Joseph Stiglitz, a Nobel Prize winning economist who was chairman of the White House Council of Economic Advisors during the Clinton administration, has joined the chorus of economic specialists warning that the global economy is going down the proverbial sink-hole, with the U.S. economy serving as the financial locomotive of this global train wreck. Among the destructive economic and financial forces he has recently written and commented on is the whole phenomena of de-leveraging.

According to Stiglitz, “America’s economy had been supercharged by excessive leveraging; now comes the painful process of de-leveraging. Excessive leveraging, combined with bad lending and risky derivatives, has caused credit markets to freeze. After all, when banks don’t know their own balance sheets, they aren’t about to trust others.”

Despite massive efforts by the Fed in the U.S. and central banks across the globe to unfreeze credit markets, the financial arteries of the world remain clogged. Though some shrinkage in the Libor rates and Ted Spread has occurred, the overwhelming degree of counter-party risk has eroded the element of trust to such an extent, monetary policy by central bankers cannot overrule human sentiment. The recent Madoff Ponzi scheme that may have bilked investors out of $50 billion has had far greater impact in defining the state of trust in the marketplace than near-zero interest rates being offered by central bankers.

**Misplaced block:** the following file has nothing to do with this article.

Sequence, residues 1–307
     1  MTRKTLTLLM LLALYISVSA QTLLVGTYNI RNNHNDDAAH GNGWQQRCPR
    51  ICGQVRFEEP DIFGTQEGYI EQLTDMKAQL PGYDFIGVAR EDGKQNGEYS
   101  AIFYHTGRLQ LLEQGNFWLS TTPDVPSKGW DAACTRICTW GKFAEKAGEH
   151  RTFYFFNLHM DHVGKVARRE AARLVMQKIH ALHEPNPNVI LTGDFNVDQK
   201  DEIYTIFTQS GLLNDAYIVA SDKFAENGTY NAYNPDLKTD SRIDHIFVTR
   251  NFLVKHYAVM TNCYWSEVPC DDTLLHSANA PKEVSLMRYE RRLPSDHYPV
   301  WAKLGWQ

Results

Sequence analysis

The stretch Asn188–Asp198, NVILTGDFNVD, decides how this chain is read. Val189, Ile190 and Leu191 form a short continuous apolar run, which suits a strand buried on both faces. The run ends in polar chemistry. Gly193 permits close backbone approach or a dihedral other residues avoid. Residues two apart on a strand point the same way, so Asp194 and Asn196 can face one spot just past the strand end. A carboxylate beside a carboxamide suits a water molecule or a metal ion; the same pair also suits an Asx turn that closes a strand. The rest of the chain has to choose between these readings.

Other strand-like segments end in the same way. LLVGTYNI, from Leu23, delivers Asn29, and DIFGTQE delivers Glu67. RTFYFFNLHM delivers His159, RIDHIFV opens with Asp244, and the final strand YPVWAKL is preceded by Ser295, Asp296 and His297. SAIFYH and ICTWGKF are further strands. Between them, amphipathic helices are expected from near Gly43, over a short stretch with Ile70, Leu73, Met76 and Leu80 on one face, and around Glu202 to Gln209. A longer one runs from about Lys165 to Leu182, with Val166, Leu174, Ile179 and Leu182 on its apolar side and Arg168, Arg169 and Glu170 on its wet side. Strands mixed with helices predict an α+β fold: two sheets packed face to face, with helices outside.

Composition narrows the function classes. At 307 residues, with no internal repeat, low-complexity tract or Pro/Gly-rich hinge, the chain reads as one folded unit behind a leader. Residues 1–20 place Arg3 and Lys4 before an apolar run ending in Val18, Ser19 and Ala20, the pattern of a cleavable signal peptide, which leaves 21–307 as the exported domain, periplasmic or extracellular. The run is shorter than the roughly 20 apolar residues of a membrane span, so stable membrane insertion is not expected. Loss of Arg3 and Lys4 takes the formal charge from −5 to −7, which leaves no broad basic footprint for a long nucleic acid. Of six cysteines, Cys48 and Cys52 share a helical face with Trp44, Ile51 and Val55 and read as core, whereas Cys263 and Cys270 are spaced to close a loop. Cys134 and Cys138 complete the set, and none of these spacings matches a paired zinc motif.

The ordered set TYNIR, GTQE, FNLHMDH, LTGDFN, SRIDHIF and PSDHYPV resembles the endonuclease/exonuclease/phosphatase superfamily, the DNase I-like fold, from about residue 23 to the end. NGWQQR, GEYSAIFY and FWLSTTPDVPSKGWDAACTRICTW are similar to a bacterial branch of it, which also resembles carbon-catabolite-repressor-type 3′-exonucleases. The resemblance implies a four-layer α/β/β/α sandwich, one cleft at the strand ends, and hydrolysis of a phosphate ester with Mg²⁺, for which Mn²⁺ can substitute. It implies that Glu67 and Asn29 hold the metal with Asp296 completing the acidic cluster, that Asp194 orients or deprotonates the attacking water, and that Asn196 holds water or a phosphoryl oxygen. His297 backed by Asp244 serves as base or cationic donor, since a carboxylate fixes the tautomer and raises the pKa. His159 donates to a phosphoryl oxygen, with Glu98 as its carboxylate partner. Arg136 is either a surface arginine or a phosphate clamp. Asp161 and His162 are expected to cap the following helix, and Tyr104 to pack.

The credit crunch may impact the massive economic stimulus package being proffered by Obama as the one great hope of salvaging the U.S. and global economy. To finance the massive amount of spending being planned by the incoming Obama administration, upwards of a trillion dollars of additional deficit funding will have to be borrowed, primarily from foreign creditors such as China. However, with China now requiring massive funding for its own economic stimulus spending, that nation and other foreign creditors may not be as readily available for financing U.S. government debt spending. Counter-party risk exists not only among private investors and institutions; foreign countries and sovereign wealth funds may prove as tight with their willingness to loan money, especially to an American government that is projecting trillion dollar plus deficits for years to come.

If the U.S. is unable to finance its massive deficit spending plans, what then? Perhaps economic Armageddon does loom in out future, as the Global Economic Crisis widens its vortex of destruction and doom.